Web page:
Wednesday, April 30, 2014

Antigone: The Burial at Thebes

Antigone: The Burial at Thebes (Furies) runs from April 30 – May 4 at the Tap Gallery. By Sophocles, translated by Seamus Heaney, directed by Chris McKay.

One of the first questions I ask when it comes to restaging classic works like Antigone is the question of relevance. Why this play? Why now? What is the significance? Of course, “interesting intellectual exercise” is a perfectly valid reason, but for a play to truly strike the mark, there needs to be some sort of resonance.

In this sense, if one has only the canon of Greek tragedy to choose from, Antigone was a smart choice to put on. The figure at its heart, Antigone (played in the performance I saw by Krystiann Dingas, who is alternating the role with Emilia Stubbs Grigoriou), is a fascinating, complicated heroine. Forbidden by the patriarchy of Thebes, the city of which she was once princess, to bury her brother Polyneices, she is defiant, unapologetically seizing agency. It is a fascinating portrait of a woman in rebellion against an unfriendly society: something which I think many women relate to quite viscerally.

Antigone is portrayed as heroic – that word is explicitly used in this translation by great Irish poet Seamus Heaney. She places honour above everything else, even her own life. Honour is a character trait most often coded masculine (and, indeed, Antigone’s sister Ismene cannot live up to this standard), as is filial devotion. But Antigone is most definitely a female character: subverting patriarchy by asserting agency. This dynamic is one I find so, so interesting, especially considering how many thousands of years old this play is.

It’s a shame, then, that although Antigone is the title character, the play is mostly about Creon, the patriarch whom she defies. This can’t really be helped, given the ancientness of the play, but Creon is significantly less interesting than his niece. The second half of the play is mostly about his man-pain, and it’s nowhere near as powerful as the first – although it is very interesting to see how the patriarchy deals with being destabilised by a defiant woman, something Heaney highlights brilliantly in his translation.

I’ve talked so far about the play: let’s focus now on the production. It is a good one, but not a great one. I wasn’t ever bored, and the cultural idiosyncrasies of Greek theatre were translated well to the modern stage. (I wasn’t entirely sure what the relationship of the chorus character, played by Peter Jamieson, to Creon was supposed to be, but it wasn’t that big a concern.) All in all, it was a very tidy one and a half hours of theatre. However, it was a bit awkward and one note in places, and I felt it could have been imbued with significantly more nuance. Several characters fell victim to declaiming, pronouncing their long monologues with great gusto but only one emotional level. This was particularly true of Brendan Layton’s Creon, who was hard to get a handle on. His emotional arc was clear from his words but not necessarily from his acting: he went from autocratic! to angry! to sad! without very much in the way of transition.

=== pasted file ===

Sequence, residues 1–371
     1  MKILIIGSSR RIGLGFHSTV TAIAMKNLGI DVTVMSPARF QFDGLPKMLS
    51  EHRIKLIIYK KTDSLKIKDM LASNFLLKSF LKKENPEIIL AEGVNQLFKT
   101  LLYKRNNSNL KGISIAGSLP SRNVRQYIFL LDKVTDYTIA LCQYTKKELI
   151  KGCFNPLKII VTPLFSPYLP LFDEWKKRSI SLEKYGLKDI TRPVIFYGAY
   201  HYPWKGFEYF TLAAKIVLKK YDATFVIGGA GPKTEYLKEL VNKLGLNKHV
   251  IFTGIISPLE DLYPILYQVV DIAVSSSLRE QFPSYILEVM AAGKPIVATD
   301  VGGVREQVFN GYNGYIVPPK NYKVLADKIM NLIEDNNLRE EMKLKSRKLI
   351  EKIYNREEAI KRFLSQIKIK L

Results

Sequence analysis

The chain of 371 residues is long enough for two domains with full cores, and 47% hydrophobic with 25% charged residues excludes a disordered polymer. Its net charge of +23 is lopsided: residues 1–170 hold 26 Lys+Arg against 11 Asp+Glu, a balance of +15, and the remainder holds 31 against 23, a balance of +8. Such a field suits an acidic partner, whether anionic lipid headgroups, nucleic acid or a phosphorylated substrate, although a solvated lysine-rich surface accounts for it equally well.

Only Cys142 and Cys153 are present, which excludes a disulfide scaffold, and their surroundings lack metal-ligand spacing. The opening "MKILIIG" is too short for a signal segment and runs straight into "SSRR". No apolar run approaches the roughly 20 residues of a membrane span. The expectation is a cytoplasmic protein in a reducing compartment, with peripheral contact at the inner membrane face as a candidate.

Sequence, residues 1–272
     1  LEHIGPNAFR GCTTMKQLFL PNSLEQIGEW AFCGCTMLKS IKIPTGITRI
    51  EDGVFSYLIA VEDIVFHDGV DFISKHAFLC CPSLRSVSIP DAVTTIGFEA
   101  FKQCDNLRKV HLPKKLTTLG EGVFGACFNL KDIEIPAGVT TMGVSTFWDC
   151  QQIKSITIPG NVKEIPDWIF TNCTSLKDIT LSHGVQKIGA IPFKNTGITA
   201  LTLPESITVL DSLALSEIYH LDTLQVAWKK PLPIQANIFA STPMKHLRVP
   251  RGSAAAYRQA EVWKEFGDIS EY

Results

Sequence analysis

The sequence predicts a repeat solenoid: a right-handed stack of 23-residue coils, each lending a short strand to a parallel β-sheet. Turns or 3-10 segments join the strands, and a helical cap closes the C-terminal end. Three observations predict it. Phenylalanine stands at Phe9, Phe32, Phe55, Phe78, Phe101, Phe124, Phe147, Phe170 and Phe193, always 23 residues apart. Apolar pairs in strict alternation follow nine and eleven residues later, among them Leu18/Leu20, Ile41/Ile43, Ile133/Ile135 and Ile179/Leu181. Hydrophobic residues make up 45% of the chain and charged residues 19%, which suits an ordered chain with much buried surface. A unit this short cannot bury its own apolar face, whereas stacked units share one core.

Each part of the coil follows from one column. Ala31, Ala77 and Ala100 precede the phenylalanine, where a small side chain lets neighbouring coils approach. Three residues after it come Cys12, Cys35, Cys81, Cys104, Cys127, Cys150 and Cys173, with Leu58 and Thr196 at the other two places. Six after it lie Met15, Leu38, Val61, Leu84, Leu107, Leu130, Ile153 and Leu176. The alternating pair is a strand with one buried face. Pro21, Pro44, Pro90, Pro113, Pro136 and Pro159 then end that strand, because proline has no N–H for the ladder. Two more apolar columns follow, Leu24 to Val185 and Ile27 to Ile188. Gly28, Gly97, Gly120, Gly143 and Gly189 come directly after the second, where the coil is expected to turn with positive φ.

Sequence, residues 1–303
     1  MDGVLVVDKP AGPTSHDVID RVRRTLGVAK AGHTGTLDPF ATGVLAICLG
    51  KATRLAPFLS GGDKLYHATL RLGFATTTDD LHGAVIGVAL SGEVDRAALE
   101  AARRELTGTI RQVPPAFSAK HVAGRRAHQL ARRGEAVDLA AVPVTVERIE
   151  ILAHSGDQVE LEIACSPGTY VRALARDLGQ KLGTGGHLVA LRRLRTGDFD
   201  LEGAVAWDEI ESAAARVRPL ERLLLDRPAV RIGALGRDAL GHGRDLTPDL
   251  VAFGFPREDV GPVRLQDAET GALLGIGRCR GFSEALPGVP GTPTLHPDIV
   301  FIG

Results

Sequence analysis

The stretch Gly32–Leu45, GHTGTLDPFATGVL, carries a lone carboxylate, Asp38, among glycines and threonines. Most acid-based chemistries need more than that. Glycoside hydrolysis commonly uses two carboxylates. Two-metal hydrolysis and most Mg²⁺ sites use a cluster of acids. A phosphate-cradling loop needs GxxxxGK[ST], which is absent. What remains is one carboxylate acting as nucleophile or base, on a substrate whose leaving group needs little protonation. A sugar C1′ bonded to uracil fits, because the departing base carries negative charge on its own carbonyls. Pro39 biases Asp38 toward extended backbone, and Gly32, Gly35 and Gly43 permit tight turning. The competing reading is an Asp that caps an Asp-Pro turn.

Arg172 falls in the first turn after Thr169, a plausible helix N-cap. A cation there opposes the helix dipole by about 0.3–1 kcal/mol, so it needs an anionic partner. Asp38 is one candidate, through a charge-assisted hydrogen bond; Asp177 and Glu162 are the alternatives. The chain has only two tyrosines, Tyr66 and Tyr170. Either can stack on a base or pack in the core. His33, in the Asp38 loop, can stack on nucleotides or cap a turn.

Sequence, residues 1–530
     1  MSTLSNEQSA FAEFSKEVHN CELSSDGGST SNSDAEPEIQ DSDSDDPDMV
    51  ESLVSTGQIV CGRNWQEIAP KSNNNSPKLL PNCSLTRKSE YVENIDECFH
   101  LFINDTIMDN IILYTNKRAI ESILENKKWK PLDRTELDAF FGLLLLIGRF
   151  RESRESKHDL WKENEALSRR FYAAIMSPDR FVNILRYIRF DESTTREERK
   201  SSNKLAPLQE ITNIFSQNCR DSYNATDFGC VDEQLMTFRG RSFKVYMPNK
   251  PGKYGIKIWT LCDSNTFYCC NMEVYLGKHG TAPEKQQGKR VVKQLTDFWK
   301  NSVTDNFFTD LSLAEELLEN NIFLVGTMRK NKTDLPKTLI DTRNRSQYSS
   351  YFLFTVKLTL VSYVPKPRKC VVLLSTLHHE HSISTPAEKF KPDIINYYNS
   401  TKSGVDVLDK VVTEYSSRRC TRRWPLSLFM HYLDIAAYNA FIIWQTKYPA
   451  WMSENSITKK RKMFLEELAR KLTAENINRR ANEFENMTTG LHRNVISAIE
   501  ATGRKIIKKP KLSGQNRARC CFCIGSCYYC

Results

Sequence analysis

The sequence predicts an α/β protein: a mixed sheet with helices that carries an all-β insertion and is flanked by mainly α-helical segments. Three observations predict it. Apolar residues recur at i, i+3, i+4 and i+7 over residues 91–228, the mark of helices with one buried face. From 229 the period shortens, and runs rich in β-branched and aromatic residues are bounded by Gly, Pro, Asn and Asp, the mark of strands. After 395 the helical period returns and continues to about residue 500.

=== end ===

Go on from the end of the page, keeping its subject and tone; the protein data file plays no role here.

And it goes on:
Because the play had this very flat emotional trajectory, it made it very hard to connect with. I was talking about it afterwards with my theatre date, and he said that, “I believed that they [the actors] felt it, but I didn’t feel it.” I agree completely. More care needed to be taken with the show’s emotional tapestry for it to be truly affective for the audience.

(Also, the bit with Tiresias really doesn’t work at all. It verges on the parodic: Tiresias is played by Peter Bertoni as a kind of caricature of a prophet. And whoever decided to put him in a luminescent orange toga really isn’t doing him any favours, especially since everyone else in the play is dressed in modern clothes.)

Overall, though, I think this was a solid production of a difficult play. I very much enjoyed Krystiann Dingas’ performance as Antigone, and I’d be very interested to see how Emilia Stubbs Grigoriou, who was fabulous as Ismene, does in the same role. The most interesting part of the show is its female characters: they are what makes this ancient play resonant and relevant.

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